Understand your core business, and give away things that support it. Never give away your core business itself.
I call myself primarily a writer and a speaker. I’m not a vendor of tools or products. I’m not a consultant selling coaching services. And I’m delegating Management 3.0 courses to other trainers as much as I can.
It means that I try to earn an income as a full-time writer and speaker. This is sometimes difficult, when people ask me to do many things for free.
Not surprisingly, people on Twitter often ask me, “Is there a video online (for free)?” or “Where can I download the slides (for free)?” The words “for free” are not really mentioned, but obviously implied. The correct (but for me still difficult) answer is, “When you invite me, and pay me, like they did in Poland and Peru.” Yes, I did many talks for free in the past. But I’m now much better, and more focused, than I was in the past.
Sometimes conference organizers ask me, “Can you bring some of your books (for free)?” or “Can you give a workshop (for free)” or “Will you participate in the whole conference (for free)”. Of course, I very much enjoy the attention people give me, and I appreciate all the requests that are usually born out of pure enthusiasm and interest.
But I can’t do everything for free.
When you give away things for free you reduce the perceived value of those products or services. Because if it’s free, it can’t be that valuable, can it? This might not be a problem for activities that support your business. But it is a problem for your primary business. I spent four weeks preparing and producing my new Champfrogs presentation. For me it’s quite valuable. It is my core business!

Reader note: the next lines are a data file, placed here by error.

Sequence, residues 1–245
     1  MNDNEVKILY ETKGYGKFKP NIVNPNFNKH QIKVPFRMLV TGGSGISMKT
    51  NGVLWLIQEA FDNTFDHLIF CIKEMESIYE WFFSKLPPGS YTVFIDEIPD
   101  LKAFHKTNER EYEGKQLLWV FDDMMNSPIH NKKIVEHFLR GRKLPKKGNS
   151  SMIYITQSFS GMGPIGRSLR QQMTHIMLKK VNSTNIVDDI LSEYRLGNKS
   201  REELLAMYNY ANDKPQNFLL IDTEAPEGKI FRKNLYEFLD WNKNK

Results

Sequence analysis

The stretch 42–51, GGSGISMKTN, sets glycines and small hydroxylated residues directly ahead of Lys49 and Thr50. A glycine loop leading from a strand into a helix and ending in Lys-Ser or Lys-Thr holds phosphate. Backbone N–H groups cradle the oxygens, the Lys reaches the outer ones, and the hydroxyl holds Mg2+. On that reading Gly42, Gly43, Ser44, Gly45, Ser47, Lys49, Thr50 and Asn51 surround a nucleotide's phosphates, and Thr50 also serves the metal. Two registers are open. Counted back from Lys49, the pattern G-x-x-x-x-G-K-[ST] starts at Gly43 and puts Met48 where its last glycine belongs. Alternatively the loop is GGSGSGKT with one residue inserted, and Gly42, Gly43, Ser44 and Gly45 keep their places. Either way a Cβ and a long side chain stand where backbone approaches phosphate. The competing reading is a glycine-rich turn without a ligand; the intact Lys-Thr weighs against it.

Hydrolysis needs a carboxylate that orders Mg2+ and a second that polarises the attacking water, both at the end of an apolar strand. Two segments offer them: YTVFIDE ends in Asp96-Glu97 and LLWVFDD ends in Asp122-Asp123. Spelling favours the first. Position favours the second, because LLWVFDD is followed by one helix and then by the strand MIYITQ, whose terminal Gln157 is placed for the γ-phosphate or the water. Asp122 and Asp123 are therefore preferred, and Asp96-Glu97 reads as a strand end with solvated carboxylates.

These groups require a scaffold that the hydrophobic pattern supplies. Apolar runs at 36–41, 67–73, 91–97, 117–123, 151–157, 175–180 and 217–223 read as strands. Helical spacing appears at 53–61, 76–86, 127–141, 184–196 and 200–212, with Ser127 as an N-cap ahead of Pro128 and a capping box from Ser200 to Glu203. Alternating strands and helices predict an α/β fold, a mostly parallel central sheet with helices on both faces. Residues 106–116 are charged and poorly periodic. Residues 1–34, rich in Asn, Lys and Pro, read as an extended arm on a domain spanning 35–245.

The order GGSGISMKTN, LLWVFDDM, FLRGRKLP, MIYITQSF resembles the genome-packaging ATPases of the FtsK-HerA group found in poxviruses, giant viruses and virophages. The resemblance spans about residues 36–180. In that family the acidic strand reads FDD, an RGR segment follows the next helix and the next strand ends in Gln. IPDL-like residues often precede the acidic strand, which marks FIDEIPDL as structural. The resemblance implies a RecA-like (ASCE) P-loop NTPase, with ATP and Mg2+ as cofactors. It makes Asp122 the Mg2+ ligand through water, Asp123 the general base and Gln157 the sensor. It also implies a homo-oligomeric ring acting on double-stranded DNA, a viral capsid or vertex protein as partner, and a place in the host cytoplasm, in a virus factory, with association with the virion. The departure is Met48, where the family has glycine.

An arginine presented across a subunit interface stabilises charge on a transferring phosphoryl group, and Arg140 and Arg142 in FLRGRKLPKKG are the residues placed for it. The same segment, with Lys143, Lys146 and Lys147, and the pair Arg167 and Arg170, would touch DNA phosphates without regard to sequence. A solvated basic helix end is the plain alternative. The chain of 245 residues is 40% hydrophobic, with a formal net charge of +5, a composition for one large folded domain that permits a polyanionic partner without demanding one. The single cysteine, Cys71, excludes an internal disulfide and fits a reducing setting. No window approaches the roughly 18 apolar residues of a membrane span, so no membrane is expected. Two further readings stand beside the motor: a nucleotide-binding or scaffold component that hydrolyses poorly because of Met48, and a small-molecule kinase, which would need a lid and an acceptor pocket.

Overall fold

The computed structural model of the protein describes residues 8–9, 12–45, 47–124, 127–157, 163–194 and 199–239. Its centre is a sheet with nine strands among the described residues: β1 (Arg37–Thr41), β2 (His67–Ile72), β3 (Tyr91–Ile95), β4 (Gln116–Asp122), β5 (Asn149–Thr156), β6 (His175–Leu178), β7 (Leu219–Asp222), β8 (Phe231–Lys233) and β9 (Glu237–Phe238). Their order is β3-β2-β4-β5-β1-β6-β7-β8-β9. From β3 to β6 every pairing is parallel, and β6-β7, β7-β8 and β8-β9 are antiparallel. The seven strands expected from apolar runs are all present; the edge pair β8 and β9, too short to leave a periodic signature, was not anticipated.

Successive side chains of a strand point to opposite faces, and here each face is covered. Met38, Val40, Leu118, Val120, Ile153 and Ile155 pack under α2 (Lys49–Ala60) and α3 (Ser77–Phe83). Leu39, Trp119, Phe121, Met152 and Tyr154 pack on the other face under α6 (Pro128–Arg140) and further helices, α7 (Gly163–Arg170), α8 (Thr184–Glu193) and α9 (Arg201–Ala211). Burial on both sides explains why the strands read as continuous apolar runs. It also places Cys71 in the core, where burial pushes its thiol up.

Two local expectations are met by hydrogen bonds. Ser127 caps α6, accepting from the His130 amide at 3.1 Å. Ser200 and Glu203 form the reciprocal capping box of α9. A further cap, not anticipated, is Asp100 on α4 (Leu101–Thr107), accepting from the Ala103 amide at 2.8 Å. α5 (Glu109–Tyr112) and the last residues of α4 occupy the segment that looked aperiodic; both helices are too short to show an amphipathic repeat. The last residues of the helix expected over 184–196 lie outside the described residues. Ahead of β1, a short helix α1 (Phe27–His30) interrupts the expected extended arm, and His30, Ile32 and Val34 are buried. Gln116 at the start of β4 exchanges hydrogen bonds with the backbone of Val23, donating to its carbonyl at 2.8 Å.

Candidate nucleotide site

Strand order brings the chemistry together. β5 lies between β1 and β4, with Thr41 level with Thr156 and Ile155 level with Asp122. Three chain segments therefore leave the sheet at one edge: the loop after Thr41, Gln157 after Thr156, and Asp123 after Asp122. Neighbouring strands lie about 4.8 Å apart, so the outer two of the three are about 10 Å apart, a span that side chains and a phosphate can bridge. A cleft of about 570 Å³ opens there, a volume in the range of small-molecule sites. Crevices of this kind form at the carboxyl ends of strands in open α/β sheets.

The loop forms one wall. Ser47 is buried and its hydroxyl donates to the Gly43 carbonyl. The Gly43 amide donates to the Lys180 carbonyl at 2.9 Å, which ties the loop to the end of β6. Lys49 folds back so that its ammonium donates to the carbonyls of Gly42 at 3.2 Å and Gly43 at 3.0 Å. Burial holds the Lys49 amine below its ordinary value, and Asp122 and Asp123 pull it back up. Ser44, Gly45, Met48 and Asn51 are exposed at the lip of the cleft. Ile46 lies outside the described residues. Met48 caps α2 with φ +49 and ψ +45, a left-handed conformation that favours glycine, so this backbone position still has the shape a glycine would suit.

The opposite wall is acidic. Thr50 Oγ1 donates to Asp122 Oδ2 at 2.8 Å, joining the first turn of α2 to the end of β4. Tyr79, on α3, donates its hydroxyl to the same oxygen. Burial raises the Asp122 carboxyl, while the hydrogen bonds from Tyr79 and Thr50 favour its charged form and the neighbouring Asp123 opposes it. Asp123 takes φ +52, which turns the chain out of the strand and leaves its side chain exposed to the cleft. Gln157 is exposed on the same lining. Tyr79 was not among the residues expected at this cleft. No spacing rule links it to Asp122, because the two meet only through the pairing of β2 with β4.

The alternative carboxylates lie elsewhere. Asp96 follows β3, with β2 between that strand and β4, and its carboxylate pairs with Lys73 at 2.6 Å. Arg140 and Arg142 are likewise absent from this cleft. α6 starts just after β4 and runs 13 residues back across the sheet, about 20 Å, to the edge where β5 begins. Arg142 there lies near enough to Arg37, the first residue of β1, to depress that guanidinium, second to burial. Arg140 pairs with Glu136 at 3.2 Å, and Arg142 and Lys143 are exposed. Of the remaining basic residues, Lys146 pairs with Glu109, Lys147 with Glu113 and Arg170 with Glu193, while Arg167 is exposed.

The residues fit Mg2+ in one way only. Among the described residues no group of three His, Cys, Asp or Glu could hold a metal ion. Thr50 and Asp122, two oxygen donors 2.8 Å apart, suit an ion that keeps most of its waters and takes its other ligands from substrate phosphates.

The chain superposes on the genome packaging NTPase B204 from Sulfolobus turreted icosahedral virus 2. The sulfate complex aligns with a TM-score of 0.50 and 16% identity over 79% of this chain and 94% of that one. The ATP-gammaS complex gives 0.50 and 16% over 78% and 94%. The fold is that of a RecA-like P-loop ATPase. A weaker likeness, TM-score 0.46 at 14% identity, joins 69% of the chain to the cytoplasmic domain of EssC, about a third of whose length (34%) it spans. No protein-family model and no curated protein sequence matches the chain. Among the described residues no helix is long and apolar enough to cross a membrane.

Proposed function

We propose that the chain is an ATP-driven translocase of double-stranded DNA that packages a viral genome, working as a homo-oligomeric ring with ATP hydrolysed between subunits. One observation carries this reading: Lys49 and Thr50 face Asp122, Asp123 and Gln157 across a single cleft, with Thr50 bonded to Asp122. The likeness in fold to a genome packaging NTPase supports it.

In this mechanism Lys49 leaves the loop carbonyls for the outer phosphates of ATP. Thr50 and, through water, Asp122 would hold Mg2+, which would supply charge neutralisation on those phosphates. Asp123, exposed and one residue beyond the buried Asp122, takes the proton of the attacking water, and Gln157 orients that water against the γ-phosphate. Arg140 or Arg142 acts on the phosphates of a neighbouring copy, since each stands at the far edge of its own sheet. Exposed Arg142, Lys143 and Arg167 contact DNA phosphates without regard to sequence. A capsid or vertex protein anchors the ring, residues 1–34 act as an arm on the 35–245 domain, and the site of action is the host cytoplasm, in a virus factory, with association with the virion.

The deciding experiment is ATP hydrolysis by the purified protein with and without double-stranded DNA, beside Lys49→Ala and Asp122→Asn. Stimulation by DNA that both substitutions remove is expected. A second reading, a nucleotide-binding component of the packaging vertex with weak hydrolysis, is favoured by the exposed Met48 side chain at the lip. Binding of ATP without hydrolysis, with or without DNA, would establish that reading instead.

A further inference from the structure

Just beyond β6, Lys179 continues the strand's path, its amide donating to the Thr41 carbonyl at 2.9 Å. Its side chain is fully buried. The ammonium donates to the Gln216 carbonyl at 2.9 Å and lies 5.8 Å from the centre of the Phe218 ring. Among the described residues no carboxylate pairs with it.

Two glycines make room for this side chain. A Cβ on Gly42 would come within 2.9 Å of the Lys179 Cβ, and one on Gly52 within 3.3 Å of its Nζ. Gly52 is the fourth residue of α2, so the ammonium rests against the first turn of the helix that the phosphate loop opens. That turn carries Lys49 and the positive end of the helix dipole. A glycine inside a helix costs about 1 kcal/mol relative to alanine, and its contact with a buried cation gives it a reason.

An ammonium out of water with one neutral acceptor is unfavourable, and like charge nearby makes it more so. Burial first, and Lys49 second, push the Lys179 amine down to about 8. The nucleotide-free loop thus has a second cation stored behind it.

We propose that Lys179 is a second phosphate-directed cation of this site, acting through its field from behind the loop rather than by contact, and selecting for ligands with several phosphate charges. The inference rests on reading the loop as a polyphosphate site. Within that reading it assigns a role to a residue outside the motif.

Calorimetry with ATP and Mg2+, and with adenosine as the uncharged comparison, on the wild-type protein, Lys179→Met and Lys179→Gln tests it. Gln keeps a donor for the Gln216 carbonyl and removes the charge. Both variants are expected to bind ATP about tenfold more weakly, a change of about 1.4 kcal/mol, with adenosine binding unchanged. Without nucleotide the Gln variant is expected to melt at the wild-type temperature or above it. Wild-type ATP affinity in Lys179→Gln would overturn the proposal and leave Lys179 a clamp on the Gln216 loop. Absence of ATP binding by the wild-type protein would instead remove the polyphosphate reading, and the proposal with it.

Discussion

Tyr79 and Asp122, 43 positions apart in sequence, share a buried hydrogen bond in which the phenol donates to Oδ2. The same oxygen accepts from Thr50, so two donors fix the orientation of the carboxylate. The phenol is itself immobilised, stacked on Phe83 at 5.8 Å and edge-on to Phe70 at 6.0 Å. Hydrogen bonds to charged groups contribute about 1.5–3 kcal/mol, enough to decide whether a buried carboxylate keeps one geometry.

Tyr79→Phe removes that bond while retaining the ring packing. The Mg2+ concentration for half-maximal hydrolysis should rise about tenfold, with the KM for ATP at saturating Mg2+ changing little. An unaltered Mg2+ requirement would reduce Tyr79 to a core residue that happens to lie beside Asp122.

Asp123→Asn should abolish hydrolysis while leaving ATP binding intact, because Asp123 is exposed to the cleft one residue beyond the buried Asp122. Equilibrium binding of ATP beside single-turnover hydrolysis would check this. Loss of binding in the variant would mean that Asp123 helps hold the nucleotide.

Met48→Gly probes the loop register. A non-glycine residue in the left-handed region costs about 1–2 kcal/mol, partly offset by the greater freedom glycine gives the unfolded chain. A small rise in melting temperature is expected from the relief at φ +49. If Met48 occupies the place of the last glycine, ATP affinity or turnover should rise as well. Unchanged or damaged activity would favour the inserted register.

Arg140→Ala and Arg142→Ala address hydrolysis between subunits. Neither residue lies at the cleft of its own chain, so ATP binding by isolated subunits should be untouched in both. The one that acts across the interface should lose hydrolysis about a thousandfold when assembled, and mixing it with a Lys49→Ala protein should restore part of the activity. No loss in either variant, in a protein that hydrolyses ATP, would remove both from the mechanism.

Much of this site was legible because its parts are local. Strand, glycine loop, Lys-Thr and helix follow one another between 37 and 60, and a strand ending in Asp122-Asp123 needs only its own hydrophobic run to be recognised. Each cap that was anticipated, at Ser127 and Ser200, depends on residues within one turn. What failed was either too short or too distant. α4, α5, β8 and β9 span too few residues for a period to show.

My books and talks are slowly but steadily becoming my main forms of personal income. Giving away all presentations for free can make sense for tool vendors and consultants, because they have other business models. And their presentations are not called “worth at least USD 10,000” and “the best I’ve ever seen”. On the other hand, I will never earn the compliment “best consultant ever” or “best tool vendor ever” because that’s not my kind of business.
So, what is the lesson here for creative networkers?
Understand your real purpose, and give away things that support your business model. But never give away your core business itself.
p.s. And no, I’m not charging USD 10,000. Yet. 🙂
p.p.s. It’s strange I sometimes feel uncomfortable asking for payment. As Michael Hyatt said last week, people who ask services for free often get paid for their own work, and would never consider doing their work for free. 🙂